Minnesota Fed Chair: National Lockdown Only Way to Stop COVID-19
Five million cases and 162,000 deaths are the grim milestones the United States surpassed on Sunday as the novel coronavirus pandemic ravages unchecked through most of the country. Simple actions at the individual level, such as wearing masks and adhering to social distancing guidelines, which would have an enormous impact on slowing the spread, are unfortunately being refused – frequently and often violently – by a huge swath of the American population.
The economic emergency triggered by the outbreak, with tens of millions of Americans unemployed and now lacking unemployment insurance, is no doubt being worsened by the aforementioned, widespread arrogance.
Two top economists now believe that a national lockdown may be the only remaining recourse in controlling the virus.
On Friday, Minnesota Federal Reserve Chairman Neel Kashkari and Dr. Michael Osterholm, director of the Center for Infectious Disease Research and Policy at the University of Minnesota, wrote in a New York Times editorial that “if we aren’t willing to take this action, millions more cases with many more deaths are likely before a vaccine might be available.”
The economy is not the only concern in the coming weeks and months, of course. Millions of American schoolchildren and college students are missing out on crucial primary, secondary, and higher education. And then there is the biggest elephant in the room – November’s already messy presidential election.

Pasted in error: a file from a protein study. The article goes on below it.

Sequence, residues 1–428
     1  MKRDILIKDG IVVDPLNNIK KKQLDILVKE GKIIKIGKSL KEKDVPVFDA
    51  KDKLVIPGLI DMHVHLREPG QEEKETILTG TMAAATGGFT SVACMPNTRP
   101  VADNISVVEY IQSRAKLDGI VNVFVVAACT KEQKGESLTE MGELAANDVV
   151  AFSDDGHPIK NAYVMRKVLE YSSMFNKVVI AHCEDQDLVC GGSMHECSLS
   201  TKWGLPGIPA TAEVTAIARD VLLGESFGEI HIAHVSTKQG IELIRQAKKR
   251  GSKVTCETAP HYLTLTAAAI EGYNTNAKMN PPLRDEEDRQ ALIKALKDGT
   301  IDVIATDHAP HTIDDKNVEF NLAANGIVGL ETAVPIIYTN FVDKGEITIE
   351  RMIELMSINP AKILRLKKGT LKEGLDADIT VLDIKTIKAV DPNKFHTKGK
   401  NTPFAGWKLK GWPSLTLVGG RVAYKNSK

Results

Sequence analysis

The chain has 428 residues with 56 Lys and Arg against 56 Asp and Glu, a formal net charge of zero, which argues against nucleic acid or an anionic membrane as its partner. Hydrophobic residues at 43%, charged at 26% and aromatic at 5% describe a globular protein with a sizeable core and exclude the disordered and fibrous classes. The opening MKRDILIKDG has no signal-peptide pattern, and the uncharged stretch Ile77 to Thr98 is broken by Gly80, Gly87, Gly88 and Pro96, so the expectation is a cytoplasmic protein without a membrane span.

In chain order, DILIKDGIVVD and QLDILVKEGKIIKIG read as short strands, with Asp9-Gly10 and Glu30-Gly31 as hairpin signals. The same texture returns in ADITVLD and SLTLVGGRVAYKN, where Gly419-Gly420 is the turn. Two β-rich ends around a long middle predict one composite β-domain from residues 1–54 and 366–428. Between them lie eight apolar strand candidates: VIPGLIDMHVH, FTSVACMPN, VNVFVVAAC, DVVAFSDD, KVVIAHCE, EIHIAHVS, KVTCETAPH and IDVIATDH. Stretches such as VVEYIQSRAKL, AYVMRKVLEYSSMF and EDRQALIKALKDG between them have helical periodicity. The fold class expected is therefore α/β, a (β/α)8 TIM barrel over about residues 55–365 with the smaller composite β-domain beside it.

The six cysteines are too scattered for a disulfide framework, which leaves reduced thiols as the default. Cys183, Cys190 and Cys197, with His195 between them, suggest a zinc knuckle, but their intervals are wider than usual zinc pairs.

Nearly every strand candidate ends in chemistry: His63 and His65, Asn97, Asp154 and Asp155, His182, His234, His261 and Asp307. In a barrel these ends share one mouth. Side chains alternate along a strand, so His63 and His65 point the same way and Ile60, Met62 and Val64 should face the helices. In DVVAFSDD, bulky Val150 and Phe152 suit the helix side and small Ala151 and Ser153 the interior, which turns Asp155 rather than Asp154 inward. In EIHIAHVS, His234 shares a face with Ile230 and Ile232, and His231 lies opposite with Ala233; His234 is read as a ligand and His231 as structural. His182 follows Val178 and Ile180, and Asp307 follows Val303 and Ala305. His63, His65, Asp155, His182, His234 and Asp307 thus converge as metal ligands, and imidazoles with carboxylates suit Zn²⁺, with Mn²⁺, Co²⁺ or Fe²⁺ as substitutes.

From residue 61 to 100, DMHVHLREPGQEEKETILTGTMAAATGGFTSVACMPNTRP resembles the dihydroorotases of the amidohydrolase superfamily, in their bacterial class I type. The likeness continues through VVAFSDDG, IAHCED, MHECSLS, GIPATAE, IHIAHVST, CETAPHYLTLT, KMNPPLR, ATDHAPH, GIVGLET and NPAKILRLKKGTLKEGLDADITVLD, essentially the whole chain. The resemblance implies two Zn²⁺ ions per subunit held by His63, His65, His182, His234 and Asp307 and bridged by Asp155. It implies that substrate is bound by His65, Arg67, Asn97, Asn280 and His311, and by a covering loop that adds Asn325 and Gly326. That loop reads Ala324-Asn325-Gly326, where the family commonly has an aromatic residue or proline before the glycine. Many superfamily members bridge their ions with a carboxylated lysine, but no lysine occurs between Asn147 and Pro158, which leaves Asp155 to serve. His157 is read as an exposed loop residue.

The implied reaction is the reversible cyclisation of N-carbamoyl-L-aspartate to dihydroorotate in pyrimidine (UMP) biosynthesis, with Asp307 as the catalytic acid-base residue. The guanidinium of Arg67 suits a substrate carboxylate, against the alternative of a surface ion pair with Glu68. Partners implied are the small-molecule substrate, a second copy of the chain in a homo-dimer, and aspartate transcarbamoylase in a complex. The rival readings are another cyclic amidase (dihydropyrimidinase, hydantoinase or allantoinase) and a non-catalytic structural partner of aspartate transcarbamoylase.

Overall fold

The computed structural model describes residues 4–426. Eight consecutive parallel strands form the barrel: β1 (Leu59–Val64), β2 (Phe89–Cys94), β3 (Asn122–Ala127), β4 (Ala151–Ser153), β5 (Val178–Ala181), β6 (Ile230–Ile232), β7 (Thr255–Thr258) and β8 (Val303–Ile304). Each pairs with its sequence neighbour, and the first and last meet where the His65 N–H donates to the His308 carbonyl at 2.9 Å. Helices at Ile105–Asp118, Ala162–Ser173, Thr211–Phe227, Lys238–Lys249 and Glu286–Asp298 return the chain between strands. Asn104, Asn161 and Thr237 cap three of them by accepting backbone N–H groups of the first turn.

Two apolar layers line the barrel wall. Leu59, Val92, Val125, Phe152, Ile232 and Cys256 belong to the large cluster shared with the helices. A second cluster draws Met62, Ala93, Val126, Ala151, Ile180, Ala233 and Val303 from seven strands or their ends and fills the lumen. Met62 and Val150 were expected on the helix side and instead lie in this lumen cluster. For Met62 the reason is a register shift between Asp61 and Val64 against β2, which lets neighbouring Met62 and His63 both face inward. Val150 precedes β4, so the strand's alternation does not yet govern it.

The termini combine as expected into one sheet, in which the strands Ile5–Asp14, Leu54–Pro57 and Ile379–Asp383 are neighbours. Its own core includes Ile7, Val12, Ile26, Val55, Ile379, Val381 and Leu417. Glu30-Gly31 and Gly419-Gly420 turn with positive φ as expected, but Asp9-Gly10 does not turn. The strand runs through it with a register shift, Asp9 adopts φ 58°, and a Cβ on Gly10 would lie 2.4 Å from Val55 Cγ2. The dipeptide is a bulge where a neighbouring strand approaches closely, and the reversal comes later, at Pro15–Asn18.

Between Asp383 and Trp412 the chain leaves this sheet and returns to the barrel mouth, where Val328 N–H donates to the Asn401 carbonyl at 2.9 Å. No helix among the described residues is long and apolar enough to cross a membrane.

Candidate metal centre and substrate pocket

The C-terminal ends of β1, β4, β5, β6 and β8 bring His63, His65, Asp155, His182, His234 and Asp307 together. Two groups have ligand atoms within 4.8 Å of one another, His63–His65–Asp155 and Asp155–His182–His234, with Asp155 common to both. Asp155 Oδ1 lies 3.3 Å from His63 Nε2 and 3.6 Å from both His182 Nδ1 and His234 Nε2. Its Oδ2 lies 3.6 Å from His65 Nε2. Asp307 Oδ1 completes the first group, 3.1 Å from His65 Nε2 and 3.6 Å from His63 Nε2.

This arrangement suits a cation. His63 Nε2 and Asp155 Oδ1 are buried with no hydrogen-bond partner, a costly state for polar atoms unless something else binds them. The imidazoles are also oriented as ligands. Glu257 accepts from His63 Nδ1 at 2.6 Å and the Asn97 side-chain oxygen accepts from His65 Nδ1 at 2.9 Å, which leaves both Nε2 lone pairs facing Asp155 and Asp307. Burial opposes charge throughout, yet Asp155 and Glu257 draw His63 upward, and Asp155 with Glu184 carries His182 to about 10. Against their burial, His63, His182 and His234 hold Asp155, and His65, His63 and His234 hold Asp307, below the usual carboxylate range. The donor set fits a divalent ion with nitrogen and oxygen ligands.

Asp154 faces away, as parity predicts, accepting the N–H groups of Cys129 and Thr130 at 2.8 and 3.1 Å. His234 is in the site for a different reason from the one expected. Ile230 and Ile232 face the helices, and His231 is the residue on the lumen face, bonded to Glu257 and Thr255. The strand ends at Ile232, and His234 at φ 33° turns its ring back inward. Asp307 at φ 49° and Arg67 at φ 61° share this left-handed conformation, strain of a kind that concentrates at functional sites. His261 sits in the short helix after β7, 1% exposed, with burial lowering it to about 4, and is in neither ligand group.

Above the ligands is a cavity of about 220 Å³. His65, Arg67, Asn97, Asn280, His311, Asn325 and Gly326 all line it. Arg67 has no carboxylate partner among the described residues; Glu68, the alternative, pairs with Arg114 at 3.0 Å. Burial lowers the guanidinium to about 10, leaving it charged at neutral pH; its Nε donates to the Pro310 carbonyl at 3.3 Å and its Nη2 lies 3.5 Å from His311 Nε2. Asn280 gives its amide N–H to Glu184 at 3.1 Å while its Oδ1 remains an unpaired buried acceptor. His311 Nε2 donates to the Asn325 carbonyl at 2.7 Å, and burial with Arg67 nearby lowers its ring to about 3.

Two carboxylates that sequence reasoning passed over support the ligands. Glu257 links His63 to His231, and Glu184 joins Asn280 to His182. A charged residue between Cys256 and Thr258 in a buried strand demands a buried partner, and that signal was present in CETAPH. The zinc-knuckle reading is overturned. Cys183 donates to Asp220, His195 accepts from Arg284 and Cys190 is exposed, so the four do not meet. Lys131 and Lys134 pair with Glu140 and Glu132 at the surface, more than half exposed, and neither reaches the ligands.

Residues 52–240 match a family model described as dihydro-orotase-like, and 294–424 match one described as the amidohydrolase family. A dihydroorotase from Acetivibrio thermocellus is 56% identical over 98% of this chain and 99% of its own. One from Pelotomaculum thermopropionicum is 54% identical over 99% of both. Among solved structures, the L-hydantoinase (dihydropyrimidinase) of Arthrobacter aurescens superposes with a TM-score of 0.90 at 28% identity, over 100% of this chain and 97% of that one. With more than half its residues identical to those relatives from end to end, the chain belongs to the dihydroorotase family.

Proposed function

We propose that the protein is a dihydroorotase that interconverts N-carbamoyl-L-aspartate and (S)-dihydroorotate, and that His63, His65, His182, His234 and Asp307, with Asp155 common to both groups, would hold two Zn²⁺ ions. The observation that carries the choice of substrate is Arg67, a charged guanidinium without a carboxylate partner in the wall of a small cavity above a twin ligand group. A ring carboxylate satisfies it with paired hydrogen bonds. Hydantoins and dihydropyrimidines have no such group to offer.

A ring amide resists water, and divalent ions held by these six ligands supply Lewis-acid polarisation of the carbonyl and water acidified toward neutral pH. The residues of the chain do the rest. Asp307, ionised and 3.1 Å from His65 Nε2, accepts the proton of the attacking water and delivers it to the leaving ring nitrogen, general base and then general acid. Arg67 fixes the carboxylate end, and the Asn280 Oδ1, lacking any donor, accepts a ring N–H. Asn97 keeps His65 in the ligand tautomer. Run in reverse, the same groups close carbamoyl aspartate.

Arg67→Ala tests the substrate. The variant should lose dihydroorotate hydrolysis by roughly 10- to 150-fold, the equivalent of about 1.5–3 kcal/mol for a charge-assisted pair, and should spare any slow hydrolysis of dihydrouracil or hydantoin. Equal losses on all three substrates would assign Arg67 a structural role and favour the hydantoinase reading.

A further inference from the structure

Kashkari and Osterholm believe a lockdown of four to six weeks has the potential to solve these problems.
“If we do this aggressively,” they argue. “The testing and tracing capacity we’ve built will support reopening the economy as other countries have done, allow children to go back to school and citizens to vote in person in November. All of this will lead to a stronger, faster economic recovery, moving people from unemployment to work.”
The benefits, they say, outweigh the negatives, which are abundant.
“We know that stringent lockdown can have serious health consequences for patients who can’t get access to routine care. But over the past six months, medical professionals have learned how to protect patients and staff from spreading the coronavirus; therefore we should be able to maintain access to regular medical care during any new lockdown,” they wrote. “There is no trade-off between health and the economy. Both require aggressively getting control of the virus. History will judge us harshly if we miss this life- and economy-saving opportunity to get it right this time.”